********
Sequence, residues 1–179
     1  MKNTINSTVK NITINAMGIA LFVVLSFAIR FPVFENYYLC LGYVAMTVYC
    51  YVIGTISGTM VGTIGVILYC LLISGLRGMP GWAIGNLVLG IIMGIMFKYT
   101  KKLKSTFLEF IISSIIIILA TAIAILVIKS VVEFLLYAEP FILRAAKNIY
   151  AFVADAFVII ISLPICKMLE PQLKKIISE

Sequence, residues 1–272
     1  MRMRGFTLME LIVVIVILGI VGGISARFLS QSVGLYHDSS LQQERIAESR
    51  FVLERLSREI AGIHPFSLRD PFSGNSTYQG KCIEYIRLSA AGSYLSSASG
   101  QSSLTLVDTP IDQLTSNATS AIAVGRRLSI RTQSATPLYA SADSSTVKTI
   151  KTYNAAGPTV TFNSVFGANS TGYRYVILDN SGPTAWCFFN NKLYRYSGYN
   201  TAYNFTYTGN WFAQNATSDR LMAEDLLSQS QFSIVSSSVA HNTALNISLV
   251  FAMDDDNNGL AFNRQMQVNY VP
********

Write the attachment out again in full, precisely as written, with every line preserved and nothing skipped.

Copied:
Sequence, residues 1–179
     1  MKNTINSTVK NITINAMGIA LFVVLSFAIR FPVFENYYLC LGYVAMTVYC
    51  YVIGTISGTM VGTIGVILYC LLISGLRGMP GWAIGNLVLG IIMGIMFKYT
   101  KKLKSTFLEF IISSIIIILA TAIAILVIKS VVEFLLYAEP FILRAAKNIY
   151  AFVADAFVII ISLPICKMLE PQLKKIISE

Sequence, residues 1–272
     1  MRMRGFTLME LIVVIVILGI VGGISARFLS QSVGLYHDSS LQQERIAESR
    51  FVLERLSREI AGIHPFSLRD PFSGNSTYQG KCIEYIRLSA AGSYLSSASG
   101  QSSLTLVDTP IDQLTSNATS AIAVGRRLSI RTQSATPLYA SADSSTVKTI
   151  KTYNAAGPTV TFNSVFGANS TGYRYVILDN SGPTAWCFFN NKLYRYSGYN
   201  TAYNFTYTGN WFAQNATSDR LMAEDLLSQS QFSIVSSSVA HNTALNISLV
   251  FAMDDDNNGL AFNRQMQVNY VP